There’s an All the President’s Men structure to the Romanian documentary Collective (Colectiv), with the initial field of inquiry opening up a wormhole down which the investigation dives, to find that an alternate universe has been hiding in plain sight all along.
The story starts out with the bare facts, shocking enough in themselves, of a fire in a night club called Colectiv, which killed 27 people and injured many more. In the following months a further 37 people died, mostly of infections picked up in Romania’s sub-standard hospitals. Public anger initially focused on the lack of fire exits in the club and the lack of regulation by the authorities, but then shifted when it was revealed that the hospitals where the injured and dying were taken were filthy, and that disinfectant supplied to kill bacteria had been diluted to the point of being useless.
What’s more, the company supplying the watered-down bactericides seemed to have a lock on supplying the major hospitals, where a system of kickbacks was so extensive that the siphoned-off money could have built and equipped brand new hi-tech hospitals.
Breaking this story isn’t one of the country’s establishment newspapers but Gazeta Sporturilor (Sports Gazette), a tabloid specialising in football stories, where a tiny team of journalists headed by a dogged Catalin Tolontan uses old-fashioned shoe leather skills – they ask questions and keep asking them – to get at the truth.
In many ways, and often grimly, this is a story that keeps on giving. Early on there’s footage which, we realise about a minute into it, is from inside the Colectiv club on the night of the fire. “That’s not part of the show,” says the lead singer of the band on stage with mild concern. Scant seconds later the blaze is raging across the ceiling, raining liquid fire down on the packed crowd and filling the room with dense smoke.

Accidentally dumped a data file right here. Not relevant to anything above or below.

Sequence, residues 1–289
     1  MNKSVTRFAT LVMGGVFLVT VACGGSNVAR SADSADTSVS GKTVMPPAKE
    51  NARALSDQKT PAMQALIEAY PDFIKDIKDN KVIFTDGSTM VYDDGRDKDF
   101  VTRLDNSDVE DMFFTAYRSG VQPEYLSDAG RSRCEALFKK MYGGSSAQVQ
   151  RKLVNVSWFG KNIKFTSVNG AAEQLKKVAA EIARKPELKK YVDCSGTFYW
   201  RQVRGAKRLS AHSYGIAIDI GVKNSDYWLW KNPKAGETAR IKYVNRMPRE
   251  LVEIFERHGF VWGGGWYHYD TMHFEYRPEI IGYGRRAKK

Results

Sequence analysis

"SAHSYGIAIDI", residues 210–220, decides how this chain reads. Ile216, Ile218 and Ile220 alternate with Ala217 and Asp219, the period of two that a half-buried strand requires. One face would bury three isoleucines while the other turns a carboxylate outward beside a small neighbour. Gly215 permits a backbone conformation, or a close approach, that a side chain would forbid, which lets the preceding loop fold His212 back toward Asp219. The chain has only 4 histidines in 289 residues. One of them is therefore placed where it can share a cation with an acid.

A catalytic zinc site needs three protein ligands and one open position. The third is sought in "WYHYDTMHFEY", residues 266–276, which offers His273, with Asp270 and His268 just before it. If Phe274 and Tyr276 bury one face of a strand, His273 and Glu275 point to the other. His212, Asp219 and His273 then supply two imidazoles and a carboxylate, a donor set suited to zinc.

Later, the owner of the Hexi Pharma company that supplied the useless disinfectants – a company registered in Cyprus, base of a million shady operations – dies in a car crash and there is also footage of the wreck. Suicide? Murder? And later still there’s a shot of a burns victim in one of the filthy hospitals. There are maggots crawling through the burnt flesh on his face.
This is a story about a system that runs on corruption. The fallout from the Colectiv fire and its aftermath brought down a government, and at one point we see a health minister resigning, guilty of complacency at the very least.
This opens the door to the most remarkable part of an already remarkable film. The new health minister, Vlad Voiculescu, young, energetic, an outsider in many respects, takes up his post and commits to a level of transparency that’s extremely unusual.
And so we get an inside view of meetings where he learns he cannot fire the corrupt officials in charge, and hears from individuals – doctors, administrators – first-hand of the massive scale of theft from the public health system.
Fate has given director Alexander Nanau a gift in the open, decent and increasingly incredulous Voiculescu but the film would work without him, thanks to Tolontan and his team who, tabloid hacks to their fingertips, understand that Nanau needs, like all newspaper features, headlines and standfirsts to help guide the viewer. “That’s the guy,” says one, pointing at Hexi Pharma boss Dan Condrea – that’s for our benefit, not theirs. Talking about the dilute disinfectant, another says, “This isn’t killing bacteria, it’s killing people.” Neatly summarised, again for our benefit.
There’s a touching faith in journalism throughout – Nanau even gives us that old-school shot of a printer examining a hot-from-the presses edition – and hovering over the entirety of this powerful documentary is the unasked question, who’ll ask the questions when the world’s gone entirely over to Facebook likes and Buzzfeed infotainment?
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© Steve Morrissey 2021